Statement by Bishop Jaime Soto on Sacramento district attorney's decision in Stephon Clark shooting

Bishop Jaime Soto asks that prayers of healing and hope be offered for our communities following the announcement of the Sacramento District Attorney, Anne Marie Schubert, regarding the police shooting of Stephon Clark. This decision will not settle the controversy surrounding this tragic event and the many questions about the use of force by law enforcement. Civic and community leaders will need divine wisdom as well as our prayers as we seek the path to healing and reconciliation with respect and justice for all. The family of Stephon Clark will especially need our prayers. In the wake of the district attorney's decision, we implore God for peace and protection on all those involved in any public demonstrations, both citizens and police.

Following is a statement by the Most Rev. Jaime Soto, Bishop of Sacramento, concerning the decision by Sacramento County District Attorney Anne Marie Schubert not to file criminal charges in the Stephon Clark shooting incident.

“The violent deaths of Stephon Clark and other young African-American men are a tragedy, the horrible result of our deeply frayed social fabric. Much examination has been given to the laws governing the appropriate use of force by police. At its core, does race unduly influence the motivations and circumstances in the utilization of deadly force? The same suspicion unsettles the nature of all our social institutions.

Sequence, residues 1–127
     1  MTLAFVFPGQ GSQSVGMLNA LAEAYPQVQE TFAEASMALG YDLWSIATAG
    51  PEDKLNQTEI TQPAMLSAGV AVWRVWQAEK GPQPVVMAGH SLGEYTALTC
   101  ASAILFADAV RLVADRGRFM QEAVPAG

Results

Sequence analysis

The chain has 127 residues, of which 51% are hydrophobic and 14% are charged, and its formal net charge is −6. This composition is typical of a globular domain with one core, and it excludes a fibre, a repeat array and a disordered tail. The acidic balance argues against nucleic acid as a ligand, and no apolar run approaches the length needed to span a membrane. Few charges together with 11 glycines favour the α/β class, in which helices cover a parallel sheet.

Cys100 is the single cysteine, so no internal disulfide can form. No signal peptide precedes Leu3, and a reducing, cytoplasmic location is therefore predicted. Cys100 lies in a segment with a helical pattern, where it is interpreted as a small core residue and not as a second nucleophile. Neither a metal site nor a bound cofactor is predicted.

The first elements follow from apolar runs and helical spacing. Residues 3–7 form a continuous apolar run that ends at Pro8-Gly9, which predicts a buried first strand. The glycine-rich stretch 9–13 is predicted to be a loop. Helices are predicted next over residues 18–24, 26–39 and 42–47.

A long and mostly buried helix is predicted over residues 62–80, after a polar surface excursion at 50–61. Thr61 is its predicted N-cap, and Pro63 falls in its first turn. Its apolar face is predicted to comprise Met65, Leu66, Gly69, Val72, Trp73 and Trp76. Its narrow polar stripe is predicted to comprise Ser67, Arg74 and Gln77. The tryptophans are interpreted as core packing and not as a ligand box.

“This prevailing restless racial mistrust smolders in many of the harrowing encounters between young Black males and law enforcement. When it ignites violently and bodies are strewn on the ground, hearts are embittered and minds explode with enraged incriminations. Light must be brought to bear on the conduct of those involved but this same light should also awaken the conscience and affect the conduct of all our institutions. Black lives matter not only in the pursuit of law and order; they matter to the thriving of the whole community. If the latter is left unanswered in any purposeful way then the former will always be put to the test in every encounter between police and African-Americans.

“Law enforcement and legislators must answer to the principle of equal justice for all, but the use of force by police is not the only question that needs to be addressed. The necessary forces of education, commerce, and faith must be applied in a manner that ignites greater social cohesion and inclusion. Do the many resources for sound development and civic discourse matter to those who are often left on margins?

“A level playing field is meaningless if communities are told to watch from the stands.

“Taking to the streets becomes the only recourse when public institutions fail to matter to those who are hurting. This free expression should be protected and respected by all those involved. Still, protest as reprisal will not be enough and risks deviating from what matters most. It will not address the educational advancement of our youth. It will not build houses or create jobs. It will not foster a diverse network of neighbors where children grow together respecting one another as brothers and sisters. In all these vital concerns will the voice, the talents, and the ambitions of the African-American community matter?

“Voices on the street must also become votes in a ballot box, conversations at council and school board meetings, unison song in churches. Hands held while marching must become handshakes among neighbors, hands helping a stranger in need. The energy of a crowd must become the engines of enterprise and commerce. The echoed chants are not just for others to hear. They have to echo in each of our own hearts and minds.”